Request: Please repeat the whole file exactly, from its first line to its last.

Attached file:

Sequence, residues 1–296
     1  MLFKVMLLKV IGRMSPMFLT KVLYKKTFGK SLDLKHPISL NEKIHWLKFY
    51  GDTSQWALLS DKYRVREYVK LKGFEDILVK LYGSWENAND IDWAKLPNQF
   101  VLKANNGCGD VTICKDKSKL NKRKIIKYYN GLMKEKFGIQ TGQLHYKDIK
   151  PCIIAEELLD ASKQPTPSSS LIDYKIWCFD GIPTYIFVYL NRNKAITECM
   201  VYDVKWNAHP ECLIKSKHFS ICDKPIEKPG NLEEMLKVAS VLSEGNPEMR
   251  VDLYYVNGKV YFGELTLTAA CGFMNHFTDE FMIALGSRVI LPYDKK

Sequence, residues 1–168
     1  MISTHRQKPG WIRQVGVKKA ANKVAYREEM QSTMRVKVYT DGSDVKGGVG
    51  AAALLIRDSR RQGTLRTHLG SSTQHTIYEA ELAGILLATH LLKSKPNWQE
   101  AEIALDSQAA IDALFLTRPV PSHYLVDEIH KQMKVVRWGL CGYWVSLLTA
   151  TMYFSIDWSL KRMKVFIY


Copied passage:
Sequence, residues 1–296
     1  MLFKVMLLKV IGRMSPMFLT KVLYKKTFGK SLDLKHPISL NEKIHWLKFY
    51  GDTSQWALLS DKYRVREYVK LKGFEDILVK LYGSWENAND IDWAKLPNQF
   101  VLKANNGCGD VTICKDKSKL NKRKIIKYYN GLMKEKFGIQ TGQLHYKDIK
   151  PCIIAEELLD ASKQPTPSSS LIDYKIWCFD GIPTYIFVYL NRNKAITECM
   201  VYDVKWNAHP ECLIKSKHFS ICDKPIEKPG NLEEMLKVAS VLSEGNPEMR
   251  VDLYYVNGKV YFGELTLTAA CGFMNHFTDE FMIALGSRVI LPYDKK

Sequence, residues 1–168
     1  MISTHRQKPG WIRQVGVKKA ANKVAYREEM QSTMRVKVYT DGSDVKGGVG
    51  AAALLIRDSR RQGTLRTHLG SSTQHTIYEA ELAGILLATH LLKSKPNWQE
   101  AEIALDSQAA IDALFLTRPV PSHYLVDEIH KQMKVVRWGL CGYWVSLLTA
   151  TMYFSIDWSL KRMKVFIY